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Home. Copyright © by The McGraw-Hill Companies, Inc. All rights reserved.Glencoe Accounting Copyright © by The McGraw-Hill Companies, Inc. All rights.

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Presentation on theme: "Home. Copyright © by The McGraw-Hill Companies, Inc. All rights reserved.Glencoe Accounting Copyright © by The McGraw-Hill Companies, Inc. All rights."— Presentation transcript:

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2 Copyright © by The McGraw-Hill Companies, Inc. All rights reserved.Glencoe Accounting Copyright © by The McGraw-Hill Companies, Inc. All rights reserved. Revenues, expenses, and withdrawals are temporary accounts. Double-entry accounting requires that total debit and total credits are always equal. Home

3 Copyright © by The McGraw-Hill Companies, Inc. All rights reserved.Glencoe Accounting Explain the difference between permanent accounts and temporary accounts. List and apply the rules of debit and credit for revenue, expense, and withdrawals accounts. Use the six-step method to analyze transactions affecting revenue, expense, and withdrawals accounts. Test a series of transactions for equality of debits and credits. Glencoe AccountingCopyright © by The McGraw-Hill Companies, Inc. All rights reserved. Home

4 Copyright © by The McGraw-Hill Companies, Inc. All rights reserved.Glencoe Accounting Key Terms temporary accounts permanent accounts Relationship of Revenue, Expenses, and Withdrawals to Owner’s Equity Section 5.1 Home

5 Copyright © by The McGraw-Hill Companies, Inc. All rights reserved.Glencoe Accounting Temporary and Permanent Accounts Section 5.1 Revenues, expenses, and withdrawals could be recorded as increases or decreases in the capital account. A better way to record these transactions is to set up separate accounts for each type of revenue or expense. Relationship of Revenue, Expenses, and Withdrawals to Owner’s Equity Home

6 Copyright © by The McGraw-Hill Companies, Inc. All rights reserved.Glencoe Accounting Temporary and Permanent Accounts Section 5.1 Temporary Accounts Start the accounting period with a zero balance. Accumulate amounts for one accounting period. Transfer the balance to the owner’s capital account at the end of the period. temporary accounts Accounts used to collect information that will be transferred to permanent capital accounts at the end of the accounting period. Relationship of Revenue, Expenses, and Withdrawals to Owner’s Equity Home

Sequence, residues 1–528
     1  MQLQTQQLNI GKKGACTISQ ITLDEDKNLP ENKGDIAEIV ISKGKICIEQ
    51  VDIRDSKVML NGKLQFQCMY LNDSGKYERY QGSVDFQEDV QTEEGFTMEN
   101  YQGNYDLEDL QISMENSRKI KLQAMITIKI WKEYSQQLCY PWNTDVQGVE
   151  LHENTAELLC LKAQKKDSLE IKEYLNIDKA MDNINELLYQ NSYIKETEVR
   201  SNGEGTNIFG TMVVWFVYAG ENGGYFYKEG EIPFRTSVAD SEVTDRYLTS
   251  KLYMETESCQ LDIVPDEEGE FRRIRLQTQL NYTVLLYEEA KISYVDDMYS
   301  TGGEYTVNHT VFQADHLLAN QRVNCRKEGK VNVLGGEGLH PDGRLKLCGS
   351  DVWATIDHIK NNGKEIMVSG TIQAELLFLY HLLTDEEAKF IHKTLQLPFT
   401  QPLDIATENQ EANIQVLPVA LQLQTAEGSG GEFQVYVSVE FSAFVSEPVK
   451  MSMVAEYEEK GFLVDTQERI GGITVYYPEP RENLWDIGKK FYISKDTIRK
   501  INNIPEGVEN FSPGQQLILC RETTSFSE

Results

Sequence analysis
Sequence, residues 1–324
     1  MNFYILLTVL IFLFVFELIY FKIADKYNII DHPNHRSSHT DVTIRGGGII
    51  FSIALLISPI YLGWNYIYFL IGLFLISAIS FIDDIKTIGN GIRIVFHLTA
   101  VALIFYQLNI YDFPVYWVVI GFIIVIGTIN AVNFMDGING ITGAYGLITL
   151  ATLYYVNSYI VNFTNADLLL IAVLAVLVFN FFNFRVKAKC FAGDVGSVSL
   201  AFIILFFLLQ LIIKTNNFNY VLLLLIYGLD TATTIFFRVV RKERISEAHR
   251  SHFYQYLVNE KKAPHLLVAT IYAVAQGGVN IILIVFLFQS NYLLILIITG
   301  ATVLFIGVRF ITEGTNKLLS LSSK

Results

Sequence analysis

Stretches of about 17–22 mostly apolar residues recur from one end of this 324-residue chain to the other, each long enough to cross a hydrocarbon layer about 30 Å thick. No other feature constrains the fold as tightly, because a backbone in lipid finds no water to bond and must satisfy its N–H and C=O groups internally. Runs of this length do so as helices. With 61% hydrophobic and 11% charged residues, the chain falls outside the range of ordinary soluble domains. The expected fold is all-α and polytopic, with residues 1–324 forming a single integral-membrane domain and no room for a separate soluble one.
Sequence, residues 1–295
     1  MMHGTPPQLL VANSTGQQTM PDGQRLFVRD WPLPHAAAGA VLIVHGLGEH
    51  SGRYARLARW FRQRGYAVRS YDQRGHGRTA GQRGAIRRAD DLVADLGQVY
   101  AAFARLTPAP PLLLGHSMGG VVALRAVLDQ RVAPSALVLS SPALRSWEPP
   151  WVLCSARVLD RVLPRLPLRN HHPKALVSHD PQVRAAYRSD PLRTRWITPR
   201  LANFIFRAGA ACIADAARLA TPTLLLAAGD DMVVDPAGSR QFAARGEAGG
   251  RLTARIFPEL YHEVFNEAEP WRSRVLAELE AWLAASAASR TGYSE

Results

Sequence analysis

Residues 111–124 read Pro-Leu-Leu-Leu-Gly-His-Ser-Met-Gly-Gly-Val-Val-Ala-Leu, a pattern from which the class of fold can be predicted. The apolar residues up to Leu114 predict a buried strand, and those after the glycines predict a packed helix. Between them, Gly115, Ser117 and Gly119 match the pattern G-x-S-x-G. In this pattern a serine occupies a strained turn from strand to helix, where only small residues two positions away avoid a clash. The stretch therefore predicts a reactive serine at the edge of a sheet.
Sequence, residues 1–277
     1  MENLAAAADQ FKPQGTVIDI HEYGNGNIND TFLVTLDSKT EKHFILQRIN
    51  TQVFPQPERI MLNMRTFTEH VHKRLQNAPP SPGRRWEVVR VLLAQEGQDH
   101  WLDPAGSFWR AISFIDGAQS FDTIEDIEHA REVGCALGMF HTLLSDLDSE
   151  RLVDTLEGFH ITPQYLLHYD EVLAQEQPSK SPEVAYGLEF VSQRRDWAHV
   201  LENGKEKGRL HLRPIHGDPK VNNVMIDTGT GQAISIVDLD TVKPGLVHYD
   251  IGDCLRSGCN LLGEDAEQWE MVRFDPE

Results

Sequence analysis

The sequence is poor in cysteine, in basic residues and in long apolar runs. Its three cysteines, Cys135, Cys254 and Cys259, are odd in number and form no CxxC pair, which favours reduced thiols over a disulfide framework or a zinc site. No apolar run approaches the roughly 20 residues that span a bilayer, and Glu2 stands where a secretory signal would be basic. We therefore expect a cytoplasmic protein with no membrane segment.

7 Copyright © by The McGraw-Hill Companies, Inc. All rights reserved.Glencoe Accounting Temporary and Permanent Accounts Section 5.1 Permanent Accounts show: The balances on hand or amounts owed at any time The day-to-day account changes permanent accounts Accounts that are continuous from one accounting period to the next; balances are carried forward to the next period. Relationship of Revenue, Expenses, and Withdrawals to Owner’s Equity Home

8 Copyright © by The McGraw-Hill Companies, Inc. All rights reserved.Glencoe Accounting The Rules of Debit and Credit for Temporary Accounts Section 5.1 Review the T account showing the rules of debit and credit for the owner’s capital account: Relationship of Revenue, Expenses, and Withdrawals to Owner’s Equity Home

9 Copyright © by The McGraw-Hill Companies, Inc. All rights reserved.Glencoe Accounting The Rules of Debit and Credit for Temporary Accounts Section 5.1 These rules of debit and credit are used for revenue accounts: An expense account is increased on the debit side. An expense account is decreased on the credit side. The normal balance for an expense account is the increase or the debit side. Expense accounts normally have debit balances. Relationship of Revenue, Expenses, and Withdrawals to Owner’s Equity Home

10 Copyright © by The McGraw-Hill Companies, Inc. All rights reserved.Glencoe Accounting The Rules of Debit and Credit for Temporary Accounts Section 5.1 Relationship of Revenue, Expenses, and Withdrawals to Owner’s Equity See page 110 Home

11 Copyright © by The McGraw-Hill Companies, Inc. All rights reserved.Glencoe Accounting The Rules of Debit and Credit for Temporary Accounts Section 5.1 These rules of debit and credit are used for expense accounts: An expense account is increased on the debit side. An expense account is decreased on the credit side. The normal balance for an expense account is the increase or the debit side. Expense accounts normally have debit balances. Relationship of Revenue, Expenses, and Withdrawals to Owner’s Equity Home